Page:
Hong Kong Med J 1998;4:23-6 | Number 1, March 1998
Effectiveness of calcium acetate as a phosphate binder in patients undergoing continuous ambulatory peritoneal dialysis
BY Choy, WK Lo, IKP Cheng
Division of Nephrology, Department of Medicine, Queen Mary Hospital, Pokfulam, Hong Kong
We compared the effectiveness of calcium acetate as a phosphate binder with that of calcium carbonate by substituting one for the other in patients undergoing continuous ambulatory peritoneal dialysis. Twenty patients who had been receiving calcium carbonate as a phosphate binder were instead given calcium acetate, initially with two thirds of the previous dose of elemental calcium. The calcium acetate dose was adjusted to achieve adequate calcium-phosphate balance; 65.6% of the previous dose of elemental calcium in calcium carbonate was required. Eighteen of the 20 patients completed the 3-month study. There were no significant differences in the pre-study and study levels of serum phosphate (1.81±0.04 [SEM] versus 1.89±0.06 mmol/L), corrected serum calcium (2.54±0.04 versus 2.57±0.03 mmol/L), calcium phosphate product (4.60±0.15 versus 4.87±0.18), serum alkaline phosphatase (64.75±4.17 versus 69.94±3.77 U/L), and serum parathyroid hormone (122±31 versus 124±27 ng/L). Three patients developed a total of five episodes of hypercalcaemia (corrected calcium level ≥2.85 mmol/L) and four other patients developed gastrointestinal upset. Calcium acetate can thus achieve similar phosphate control to calcium carbonate, using 65.6% of the dose of elemental calcium in calcium carbonate; how- ever, its clinical superiority was not demonstrated in this study.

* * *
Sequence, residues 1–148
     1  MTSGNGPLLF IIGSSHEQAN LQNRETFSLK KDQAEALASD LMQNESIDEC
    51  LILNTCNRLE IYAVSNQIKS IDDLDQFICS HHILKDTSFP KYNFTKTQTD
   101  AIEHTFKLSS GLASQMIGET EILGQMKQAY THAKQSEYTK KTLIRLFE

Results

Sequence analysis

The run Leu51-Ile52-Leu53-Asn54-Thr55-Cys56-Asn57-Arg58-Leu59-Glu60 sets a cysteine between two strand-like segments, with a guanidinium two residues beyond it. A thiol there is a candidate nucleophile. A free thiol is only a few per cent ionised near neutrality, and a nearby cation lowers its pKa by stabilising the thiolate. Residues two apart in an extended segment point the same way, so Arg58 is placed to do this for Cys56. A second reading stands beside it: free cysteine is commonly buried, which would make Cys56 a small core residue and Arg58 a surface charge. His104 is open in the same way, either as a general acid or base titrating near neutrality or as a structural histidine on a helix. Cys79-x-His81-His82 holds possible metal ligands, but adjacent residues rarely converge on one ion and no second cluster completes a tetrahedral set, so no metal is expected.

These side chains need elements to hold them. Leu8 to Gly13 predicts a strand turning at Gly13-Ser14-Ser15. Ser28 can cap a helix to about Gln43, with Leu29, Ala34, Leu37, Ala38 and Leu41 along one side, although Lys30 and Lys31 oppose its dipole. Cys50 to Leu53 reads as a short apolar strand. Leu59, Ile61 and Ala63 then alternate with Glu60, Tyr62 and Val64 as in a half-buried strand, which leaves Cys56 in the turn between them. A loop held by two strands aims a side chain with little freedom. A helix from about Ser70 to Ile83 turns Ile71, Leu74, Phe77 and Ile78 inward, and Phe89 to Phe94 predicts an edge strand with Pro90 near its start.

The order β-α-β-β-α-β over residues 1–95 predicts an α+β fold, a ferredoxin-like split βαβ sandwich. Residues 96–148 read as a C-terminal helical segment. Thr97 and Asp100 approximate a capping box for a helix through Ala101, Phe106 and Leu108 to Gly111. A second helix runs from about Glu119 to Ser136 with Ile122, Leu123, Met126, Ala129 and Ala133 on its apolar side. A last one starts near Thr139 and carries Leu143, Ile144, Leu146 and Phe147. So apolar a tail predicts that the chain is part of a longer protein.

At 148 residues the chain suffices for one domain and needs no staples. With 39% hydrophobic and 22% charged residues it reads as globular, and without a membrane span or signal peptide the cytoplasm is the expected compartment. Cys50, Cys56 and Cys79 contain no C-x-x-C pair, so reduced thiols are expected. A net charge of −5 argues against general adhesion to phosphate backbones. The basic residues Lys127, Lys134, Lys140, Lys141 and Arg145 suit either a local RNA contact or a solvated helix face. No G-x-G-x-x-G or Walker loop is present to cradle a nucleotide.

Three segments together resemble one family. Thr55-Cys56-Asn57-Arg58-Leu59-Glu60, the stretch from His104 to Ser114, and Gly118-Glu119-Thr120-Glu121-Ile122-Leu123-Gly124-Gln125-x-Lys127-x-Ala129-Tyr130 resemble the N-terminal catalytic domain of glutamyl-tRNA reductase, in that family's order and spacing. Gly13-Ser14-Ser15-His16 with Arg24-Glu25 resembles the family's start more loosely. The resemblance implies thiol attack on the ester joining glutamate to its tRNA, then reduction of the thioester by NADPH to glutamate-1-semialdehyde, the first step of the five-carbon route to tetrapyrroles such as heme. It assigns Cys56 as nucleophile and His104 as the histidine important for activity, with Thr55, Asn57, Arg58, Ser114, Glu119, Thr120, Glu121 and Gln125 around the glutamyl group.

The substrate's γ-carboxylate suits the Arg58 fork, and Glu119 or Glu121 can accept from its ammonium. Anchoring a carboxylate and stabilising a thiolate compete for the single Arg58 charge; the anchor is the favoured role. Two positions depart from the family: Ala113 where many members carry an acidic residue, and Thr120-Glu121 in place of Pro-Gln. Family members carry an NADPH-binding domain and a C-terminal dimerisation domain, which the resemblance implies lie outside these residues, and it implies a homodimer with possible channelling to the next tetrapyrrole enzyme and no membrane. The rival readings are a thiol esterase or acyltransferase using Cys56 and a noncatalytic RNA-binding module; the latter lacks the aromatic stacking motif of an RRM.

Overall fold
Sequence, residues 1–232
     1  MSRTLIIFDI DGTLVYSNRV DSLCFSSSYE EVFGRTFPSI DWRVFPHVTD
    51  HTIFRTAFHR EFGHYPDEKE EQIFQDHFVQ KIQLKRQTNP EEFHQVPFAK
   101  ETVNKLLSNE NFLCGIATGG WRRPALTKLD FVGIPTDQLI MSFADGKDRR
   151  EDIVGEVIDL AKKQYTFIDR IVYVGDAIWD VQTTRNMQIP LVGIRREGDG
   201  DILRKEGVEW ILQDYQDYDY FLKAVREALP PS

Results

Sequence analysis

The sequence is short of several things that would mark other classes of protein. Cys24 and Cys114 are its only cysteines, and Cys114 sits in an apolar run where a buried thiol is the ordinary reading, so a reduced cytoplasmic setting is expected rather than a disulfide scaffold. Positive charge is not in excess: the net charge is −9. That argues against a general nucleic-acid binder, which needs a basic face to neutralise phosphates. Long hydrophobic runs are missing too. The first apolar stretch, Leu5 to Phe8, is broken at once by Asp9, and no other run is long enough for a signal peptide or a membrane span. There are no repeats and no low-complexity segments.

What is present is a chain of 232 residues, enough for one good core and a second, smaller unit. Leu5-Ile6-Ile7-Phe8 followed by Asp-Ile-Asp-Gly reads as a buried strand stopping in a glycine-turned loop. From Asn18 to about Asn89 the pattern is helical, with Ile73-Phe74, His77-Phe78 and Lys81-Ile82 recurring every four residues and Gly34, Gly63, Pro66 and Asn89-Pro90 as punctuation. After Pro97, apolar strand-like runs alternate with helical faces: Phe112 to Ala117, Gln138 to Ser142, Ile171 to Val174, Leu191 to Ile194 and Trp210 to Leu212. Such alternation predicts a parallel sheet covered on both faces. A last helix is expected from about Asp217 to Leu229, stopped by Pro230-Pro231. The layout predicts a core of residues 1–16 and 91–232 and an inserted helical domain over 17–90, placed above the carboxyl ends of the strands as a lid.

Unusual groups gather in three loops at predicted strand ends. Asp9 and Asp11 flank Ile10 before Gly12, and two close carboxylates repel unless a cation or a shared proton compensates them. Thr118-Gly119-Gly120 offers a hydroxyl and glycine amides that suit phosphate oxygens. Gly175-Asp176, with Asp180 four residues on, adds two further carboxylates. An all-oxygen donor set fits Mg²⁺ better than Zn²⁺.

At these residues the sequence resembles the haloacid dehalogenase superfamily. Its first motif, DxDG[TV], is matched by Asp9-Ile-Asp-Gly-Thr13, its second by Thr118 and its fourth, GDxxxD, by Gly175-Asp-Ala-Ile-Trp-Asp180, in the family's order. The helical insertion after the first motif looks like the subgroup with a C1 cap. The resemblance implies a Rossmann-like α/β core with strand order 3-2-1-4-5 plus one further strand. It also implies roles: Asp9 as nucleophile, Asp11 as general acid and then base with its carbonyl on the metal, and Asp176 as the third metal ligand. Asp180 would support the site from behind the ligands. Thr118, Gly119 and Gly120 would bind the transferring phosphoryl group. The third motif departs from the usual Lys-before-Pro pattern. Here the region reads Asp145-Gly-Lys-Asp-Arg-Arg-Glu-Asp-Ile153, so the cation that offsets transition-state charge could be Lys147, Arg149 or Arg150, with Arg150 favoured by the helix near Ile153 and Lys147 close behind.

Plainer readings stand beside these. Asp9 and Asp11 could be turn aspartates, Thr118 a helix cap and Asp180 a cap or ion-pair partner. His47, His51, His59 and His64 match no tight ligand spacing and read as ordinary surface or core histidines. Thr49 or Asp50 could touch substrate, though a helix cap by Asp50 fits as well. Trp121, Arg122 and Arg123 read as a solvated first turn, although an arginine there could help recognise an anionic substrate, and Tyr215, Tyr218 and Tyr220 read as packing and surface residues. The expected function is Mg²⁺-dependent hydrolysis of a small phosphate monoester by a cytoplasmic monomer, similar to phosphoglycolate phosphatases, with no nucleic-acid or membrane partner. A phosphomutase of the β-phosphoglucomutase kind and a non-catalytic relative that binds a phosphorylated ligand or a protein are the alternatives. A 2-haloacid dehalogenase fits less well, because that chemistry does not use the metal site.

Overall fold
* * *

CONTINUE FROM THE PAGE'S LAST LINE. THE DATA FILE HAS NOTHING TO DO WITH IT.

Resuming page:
Key words: Acetic acids/therapeutic use; Calcium carbonate/therapeutic use; Patient compliance; Peritoneal dialysis, continuous ambulatory; Phosphates/blood
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